Scotie Hickman and Tula Fawcett
Scott Anthony Heckman
and Tula Faucett

Thankfully grandma’s little suitcase still held a few more treasures, and so with pictures of Tula, along with a few records that I have been able to find,  I will finish what I know of  Tula’s story.

A little more than a year following the death of her first husband, Charles, Tula remarried on April 18, 1899 in Salida, Colorado.  Her new husband, Scott Anthony Heckman lived in Salida, which is in a mountain valley several hours north of Tula’s home in Alamosa.  How they met, I am not sure, but I suspect it possibly had something to do with the railroad.   According to census records, Scott was a brakeman for the railways and with Salida originally being a railroad town, and Alamosa being a rail center for the Denver and Rio Grande Railroad, I suspect there was opportunity for Scott to have spent at least some time in Alamosa.   

Following their marriage, Tula and Scott settled down in Salida.  The 1900 US Federal Census shows Scott Heckman as head of household with his wife Tula and three year old Ola, Tula’s child from her first marriage.  It would seem that 1902 was the beginning of better things for Tula.  Married, and with a four year old daughter whom she clearly adored, Tula was expecting her and Scott’s first child.   Dorothy Heckman was born May 25, 1902, and for a short time, the Heckman household was composed of Scott, Tula, Ola and new baby Dorothy.  But once again tragedy hit Tula’s life and just six months after Dorothy’s birth, sweet little Ola died.  Tula and Scott took Ola’s body back to Alamosa to be buried next to her father, a story I shared in a previous post.

Tula  Faucett Heckman
and daughter, Dorothy Heckman

Specific details surrounding the next few years of Scott and Tula’s life are unknown, but according to the 1910 census, Scott continued to work as a brakeman while he, Tula and Dorothy lived in Salida.  The 1920 census shows Scott, who was then 55 still living in Salida  but only his mother is shown living with him. Despite determined efforts, I have not been able to locate Tula anywhere on the 1920 census.  Meanwhile, their daughter, eighteen year old Dorothy, was living in Denver  with her aunt, Mildred Hickman.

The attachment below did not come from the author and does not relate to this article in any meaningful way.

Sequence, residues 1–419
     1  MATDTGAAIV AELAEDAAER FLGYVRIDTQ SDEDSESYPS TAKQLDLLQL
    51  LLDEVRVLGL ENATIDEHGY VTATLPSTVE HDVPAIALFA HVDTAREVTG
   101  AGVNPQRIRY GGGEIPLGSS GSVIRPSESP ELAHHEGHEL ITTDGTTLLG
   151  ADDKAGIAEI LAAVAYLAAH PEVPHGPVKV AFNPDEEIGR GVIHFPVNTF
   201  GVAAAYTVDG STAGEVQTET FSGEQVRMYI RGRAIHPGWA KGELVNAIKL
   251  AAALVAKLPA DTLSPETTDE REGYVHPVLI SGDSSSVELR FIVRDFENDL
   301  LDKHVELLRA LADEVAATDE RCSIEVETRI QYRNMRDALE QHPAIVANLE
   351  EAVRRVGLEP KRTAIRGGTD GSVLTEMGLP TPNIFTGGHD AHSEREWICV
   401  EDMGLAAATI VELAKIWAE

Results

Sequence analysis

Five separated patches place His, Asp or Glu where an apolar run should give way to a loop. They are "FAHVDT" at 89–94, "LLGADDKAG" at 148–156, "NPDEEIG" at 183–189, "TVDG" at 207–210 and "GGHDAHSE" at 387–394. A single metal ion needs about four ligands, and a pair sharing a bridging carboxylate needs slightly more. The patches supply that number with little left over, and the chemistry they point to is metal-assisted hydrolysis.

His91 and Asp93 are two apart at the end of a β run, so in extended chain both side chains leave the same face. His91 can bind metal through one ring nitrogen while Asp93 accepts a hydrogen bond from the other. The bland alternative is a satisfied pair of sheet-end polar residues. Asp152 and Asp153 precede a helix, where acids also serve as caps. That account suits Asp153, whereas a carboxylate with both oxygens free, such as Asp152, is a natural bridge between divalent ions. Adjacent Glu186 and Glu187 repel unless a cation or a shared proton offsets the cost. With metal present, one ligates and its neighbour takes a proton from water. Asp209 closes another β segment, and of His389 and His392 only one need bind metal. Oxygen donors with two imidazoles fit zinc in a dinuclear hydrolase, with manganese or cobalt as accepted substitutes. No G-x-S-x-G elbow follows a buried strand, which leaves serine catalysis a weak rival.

In 1930, Scott, still a brakeman, was living in a boarding house along with other lodgers.  Once again, searches for Tula are not fruitful.  However I was able to find Tula on the 1940 census living as as a lodger in Denver, Colorado.

Scott  passed from this life on May 21, 1938 and A Findagrave entry includes both a picture of Scott’s headstone and a transcribed obituary.  The obituary indicated that Scott left behind his wife Tula, yet it does not appear that they had been living together for some time. I would love to know the full story.  A Findagrave entry for Tula includes a picture of her headstone and indicates that she died 30 August 1949,.  A transcribed obituary also included on that site indicted that Tula had been living in Denver and had died in a Denver hospital, however she was buried in Fairview Cemetery in Salida, where Scott was also buried.

While I know something about the beginning of Tula’s life in Georgia and the end of her life in Colorado, there are woefully large gaps in her story. Why wasn’t she living with her father when they first arrived in Colorado from Georgia?   Just how did she meet Scott? Where was Tula between the 1910 and 1940 census years? What happened in her life during those thirty years?

Photo: taken and shared by
Trena Ganus 

Thanks to the bond between sisters, Tula and Sarah, my great grandmother, I have pictures that help tell Tula’s story.  I have additional pictures that have not been shared on this blog and am willing to share them with others.  My hope is that similarly someone else has details that they are willing to share with me and that those details will help fill in the gaps of Tula’s life and therefore complete her story.

Copyright © Michelle G. Taggart 2014

Please follow and like us:

8 thoughts on “Tula’s Incomplete Story

  1. Looking back into family history, it never ceases to impress upon me the difficulty of everyday life for those living a century ago (and even less).

    How wonderful that you have some photos and are willing to share them! Michelle, I hope you are able to connect with some of the distant relatives who will be able to share the rest of Tula's melancholy story.

  2. Interesting story! Especially where was Tula between 1910 and 1940? I'm sure you have tried many creative spellings of the name. I wonder what she was doing as a "lodger" in 1940? I agree with the above comment, that maybe you can connect with other relatives, who might know more of the family story.

  3. It is amazing isn't it Jacqi? They endured so much and their stories are such a great lesson to me that things happen in life and we need to just keep plugging along and doing the best that we can. Thanks for stopping by!

  4. Thanks John. There is no end to the things I've tried! I've tried many variations and tried her maiden name and her name from her first marriage. I've looked for her with her siblings, her daughter and on and on. I've looked through the lists of hospitals etc. etc.

    I kept waiting to write her story until I knew all of the details, but finally decided that maybe someone could shed some light on the situation. I will hope!

  5. I can't wait either Diane! When I found so many pictures of Tula and her children (many for me means about 3—which is MANY more than I have for other ancestors,) I knew she and my great grandma, her sister, were close because they lived far from each other during most of theier married lives. I am so glad that at least I have pictures. So weird to have her disappear for 30 years.

Leave a Reply

Your email address will not be published. Required fields are marked *

Back To Top